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Horizon Licenses New X-MAN Cell Lines from the University of Minnesota Relating to T-cell Viral Infections such as AIDS

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Horizon Discovery, has announced that it has secured a worldwide exclusive license for new X-MAN (gene X- Mutant And Normal) cell lines from the University of Minnesota (UMN).

The cell lines include several rAAV engineered T-cell lines, which will extend the X-MAN product line into virology. These cell lines will be used to study the AIDS virus, HIV-1, a related virus called HTLV-1, and both virus-associated and non-viral T-cell leukemias and lymphomas.

In addition, Horizon has announced that it has extended its existing agreement with UMN (announced March 2010) to license a further panel of X-MAN cell lines relating to DNA repair.

The newly licensed T-cell lines are knock-outs of the APOBEC family of genes, which are part of the innate host defense system to T-cell viral infections.

Therefore these cell lines will constitute novel screening tools that can be used to enable researchers to identify molecules that leverage this host defense system to fight viral infections.

They can also be used to identify which members of the APOBEC family are the major determinants of suppression of HIV replication, which will in turn support the identification of other modulators of viral infection.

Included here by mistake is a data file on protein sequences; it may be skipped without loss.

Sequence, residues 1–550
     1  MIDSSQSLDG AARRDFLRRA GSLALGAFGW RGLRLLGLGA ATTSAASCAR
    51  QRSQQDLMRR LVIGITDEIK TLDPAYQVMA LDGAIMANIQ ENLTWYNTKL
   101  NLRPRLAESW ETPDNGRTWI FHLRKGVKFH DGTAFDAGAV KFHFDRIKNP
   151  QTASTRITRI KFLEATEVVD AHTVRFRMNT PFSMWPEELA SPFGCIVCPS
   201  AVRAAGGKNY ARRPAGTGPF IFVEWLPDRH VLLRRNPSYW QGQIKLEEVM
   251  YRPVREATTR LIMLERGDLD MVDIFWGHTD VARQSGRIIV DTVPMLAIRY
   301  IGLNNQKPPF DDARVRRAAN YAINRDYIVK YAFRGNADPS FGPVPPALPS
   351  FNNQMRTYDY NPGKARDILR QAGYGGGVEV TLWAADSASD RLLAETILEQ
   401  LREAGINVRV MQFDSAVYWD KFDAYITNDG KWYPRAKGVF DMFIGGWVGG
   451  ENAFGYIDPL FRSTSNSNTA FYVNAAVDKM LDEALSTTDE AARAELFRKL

Under the terms of the license agreement, Horizon will pay UMN up-front and on-going royalty payments, in return for world-wide exclusive rights to distribute these lines.

The agreement forms part of Horizon’s strategy to generate at least 2500 new X-MAN models of cancer, neurodegenerative, and cardiovascular disease.

These models will support drug discovery researchers in their effort to understand how complex genetic diseases manifest themselves in real patients and help rationalize many aspects of drug development, reducing the cost of bringing to market new personalized therapies.

Dr Rob Howes, Principal Scientist at Horizon, said “We are very excited to expand our X-MAN disease models into a new therapeutic area. By providing these new disease models we aim to help the development of new therapies for the treatment of AIDS and T-cell leukaemia”.

Dr Reuben Harris, Associate Professor at the University of Minnesota, said “We are delighted to partner with Horizon to ensure that the cell lines we have worked hard to develop will be used more broadly to fight HIV/AIDS and T cell cancers.”